Will Rogers

Will Rogers

[roj-erz]
Rogers, Will (William Penn Adair Rogers), 1879-1935, American humorist, b. Oolagah, Indian Territory (now in Oklahoma). In his youth he worked as a cowboy in Oklahoma, and after traveling over the world, he returned to the United States and worked in vaudeville as a cowboy rope-twirler, joking casually with the audience. He was an immediate success when he joined the Ziegfeld Follies in 1915. Rogers gained a wide audience through motion pictures, books, the radio, and a syndicated newspaper column. His salty comments on the political and social scene made the "cowboy philosopher" widely known. A constant booster of airplane travel, Rogers made several long airplane trips; he was killed with Wiley Post when their plane crashed near Point Barrow, Alaska.

See his autobiography (ed. by D. Day, 1949) and writings (1973); D. R. Milsten, Will Rogers: An Appreciation (1976); P. C. Rollins, Will Rogers: A Bio-Bibliography (1984).

This page is about the humorist; for others with similar names see William Rogers.

William Penn Adair “Will” Rogers (November 4 1879August 15 1935) was a Cherokee-American cowboy, comedian, humorist, social commentator, vaudeville performer and actor. He was the father of U.S. Congressman and WWII Veteran Will Rogers, Jr.

Known as Oklahoma's favorite son, Rogers was born to a prominent Indian Territory family and learned to ride horses and use a lariat so well that he was listed in the Guinness Book of World Records for throwing three ropes at once—one around the neck of a horse, another around the horse's rider, and a third around all four legs of the horse. He ultimately traveled around the world three times, made 71 movies (50 silent films and 21 "talkies"), wrote more than 4,000 nationally-syndicated newspaper columns, and became a world-famous figure.

By the mid-1930s, Rogers was adored by the American people, and was the top-paid movie star in Hollywood at the time. On an around-the-world trip with aviator Wiley Post, Rogers died when their small airplane crashed near Barrow, Alaska Territory in 1935.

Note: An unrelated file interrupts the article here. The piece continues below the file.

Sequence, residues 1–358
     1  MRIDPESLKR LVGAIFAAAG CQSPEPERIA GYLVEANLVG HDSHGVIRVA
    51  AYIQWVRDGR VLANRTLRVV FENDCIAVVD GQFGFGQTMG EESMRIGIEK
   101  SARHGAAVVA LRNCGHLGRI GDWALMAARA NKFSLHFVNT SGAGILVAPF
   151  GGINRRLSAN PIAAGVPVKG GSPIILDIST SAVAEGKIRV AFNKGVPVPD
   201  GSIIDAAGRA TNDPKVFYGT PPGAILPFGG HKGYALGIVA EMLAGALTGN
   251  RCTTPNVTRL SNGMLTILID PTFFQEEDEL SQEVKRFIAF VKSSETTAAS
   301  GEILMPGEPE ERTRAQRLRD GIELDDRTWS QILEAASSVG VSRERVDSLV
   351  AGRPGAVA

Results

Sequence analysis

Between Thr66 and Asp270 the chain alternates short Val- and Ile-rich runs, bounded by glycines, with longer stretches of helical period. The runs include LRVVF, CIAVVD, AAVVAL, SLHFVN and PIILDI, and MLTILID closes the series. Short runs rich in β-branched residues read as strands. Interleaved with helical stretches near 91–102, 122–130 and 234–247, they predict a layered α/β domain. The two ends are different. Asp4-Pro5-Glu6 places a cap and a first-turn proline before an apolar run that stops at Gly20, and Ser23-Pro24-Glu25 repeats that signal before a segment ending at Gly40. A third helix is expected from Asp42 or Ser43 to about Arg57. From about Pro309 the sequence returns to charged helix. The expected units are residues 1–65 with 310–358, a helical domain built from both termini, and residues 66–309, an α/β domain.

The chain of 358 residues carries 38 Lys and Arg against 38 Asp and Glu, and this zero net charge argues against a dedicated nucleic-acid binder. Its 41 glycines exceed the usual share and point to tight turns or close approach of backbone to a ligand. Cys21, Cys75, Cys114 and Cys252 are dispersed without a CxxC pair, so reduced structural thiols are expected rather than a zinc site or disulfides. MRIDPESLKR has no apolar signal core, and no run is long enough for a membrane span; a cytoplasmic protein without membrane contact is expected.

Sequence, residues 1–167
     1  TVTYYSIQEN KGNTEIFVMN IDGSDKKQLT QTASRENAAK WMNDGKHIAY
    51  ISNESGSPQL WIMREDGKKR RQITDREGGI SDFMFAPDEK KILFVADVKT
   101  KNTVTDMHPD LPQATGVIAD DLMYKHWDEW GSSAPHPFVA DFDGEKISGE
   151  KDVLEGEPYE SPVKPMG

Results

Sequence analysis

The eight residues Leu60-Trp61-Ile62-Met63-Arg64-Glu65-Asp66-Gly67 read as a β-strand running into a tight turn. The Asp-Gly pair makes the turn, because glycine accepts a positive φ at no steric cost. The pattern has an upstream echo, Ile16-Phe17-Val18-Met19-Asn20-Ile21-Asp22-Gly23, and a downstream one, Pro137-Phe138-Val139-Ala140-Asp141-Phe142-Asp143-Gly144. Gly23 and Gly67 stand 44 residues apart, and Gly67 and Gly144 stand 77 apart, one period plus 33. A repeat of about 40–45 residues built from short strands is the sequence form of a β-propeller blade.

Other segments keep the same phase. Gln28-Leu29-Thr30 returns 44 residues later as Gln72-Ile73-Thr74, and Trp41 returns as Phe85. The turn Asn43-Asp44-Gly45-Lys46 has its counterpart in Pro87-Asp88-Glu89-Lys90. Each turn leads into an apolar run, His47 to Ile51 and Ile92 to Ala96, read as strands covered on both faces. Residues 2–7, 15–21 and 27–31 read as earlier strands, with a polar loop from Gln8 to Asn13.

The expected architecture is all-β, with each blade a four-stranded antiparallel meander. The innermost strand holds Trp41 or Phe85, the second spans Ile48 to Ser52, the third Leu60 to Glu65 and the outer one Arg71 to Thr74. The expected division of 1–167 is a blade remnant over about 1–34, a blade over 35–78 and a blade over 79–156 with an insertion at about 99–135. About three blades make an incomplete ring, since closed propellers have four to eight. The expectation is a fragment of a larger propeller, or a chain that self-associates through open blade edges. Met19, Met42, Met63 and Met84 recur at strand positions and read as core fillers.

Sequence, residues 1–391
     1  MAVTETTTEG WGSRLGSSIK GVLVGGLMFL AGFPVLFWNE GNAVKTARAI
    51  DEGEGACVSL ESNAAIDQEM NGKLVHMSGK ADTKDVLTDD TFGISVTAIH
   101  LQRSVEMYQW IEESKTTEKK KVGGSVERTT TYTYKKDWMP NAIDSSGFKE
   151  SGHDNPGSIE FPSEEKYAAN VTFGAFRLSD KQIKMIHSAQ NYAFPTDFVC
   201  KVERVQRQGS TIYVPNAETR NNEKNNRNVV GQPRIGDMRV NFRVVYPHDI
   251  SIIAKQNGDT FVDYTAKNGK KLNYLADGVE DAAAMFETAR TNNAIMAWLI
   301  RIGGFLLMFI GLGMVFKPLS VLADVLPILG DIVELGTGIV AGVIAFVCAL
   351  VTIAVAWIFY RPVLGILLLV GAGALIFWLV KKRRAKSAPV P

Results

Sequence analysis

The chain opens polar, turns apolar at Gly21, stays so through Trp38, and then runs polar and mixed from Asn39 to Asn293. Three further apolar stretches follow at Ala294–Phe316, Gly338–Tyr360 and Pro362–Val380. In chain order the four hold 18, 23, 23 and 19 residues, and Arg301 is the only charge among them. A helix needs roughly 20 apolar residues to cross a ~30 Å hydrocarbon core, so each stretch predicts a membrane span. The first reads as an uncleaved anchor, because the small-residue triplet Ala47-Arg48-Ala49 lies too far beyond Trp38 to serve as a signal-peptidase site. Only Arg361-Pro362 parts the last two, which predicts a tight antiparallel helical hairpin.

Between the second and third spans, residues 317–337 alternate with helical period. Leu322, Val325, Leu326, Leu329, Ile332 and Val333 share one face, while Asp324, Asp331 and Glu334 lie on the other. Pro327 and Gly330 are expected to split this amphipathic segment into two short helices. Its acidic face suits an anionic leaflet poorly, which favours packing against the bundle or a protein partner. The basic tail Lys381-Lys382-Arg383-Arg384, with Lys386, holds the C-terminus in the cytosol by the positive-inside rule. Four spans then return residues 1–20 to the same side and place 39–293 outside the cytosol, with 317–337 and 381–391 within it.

Early years

Will Rogers was born on the Dog Iron Ranch in Indian Territory, near present-day Oologah, Oklahoma. The house he was born in had been built in 1875 and was known as the "White House on the Verdigris River." His parents, Clement Vann Rogers (1839–1911) and Mary America Schrimsher (1838–1890), were each of part Cherokee heritage. Rogers quipped that his ancestors didn't come over on the Mayflower but they "met the boat." Clement Rogers was a distinguished figure in Indian Territory. A Cherokee senator and judge, he was a Confederate veteran and served as a delegate to the Oklahoma Constitutional Convention. Rogers County, Oklahoma is named in honor of Clement Rogers. Mary Rogers was the daughter of a Cherokee chief. She died when Will was 11, and his father remarried less than two years after her death.

Rogers was the youngest of his parents' eight children. Only three of his siblings, sisters Sallie Clementine, Maude Ethel, and May (Mary), survived into adulthood. The children attended Willow Hassel School in Neosho, Missouri, and later Kemper Military School in Boonville, Missouri. He ended his studies after the 10th grade. He admitted he was a poor student, saying that he "studied the Fourth Reader for ten years." He was much more interested in cowboys and horses, and learned to rope and use a lariat.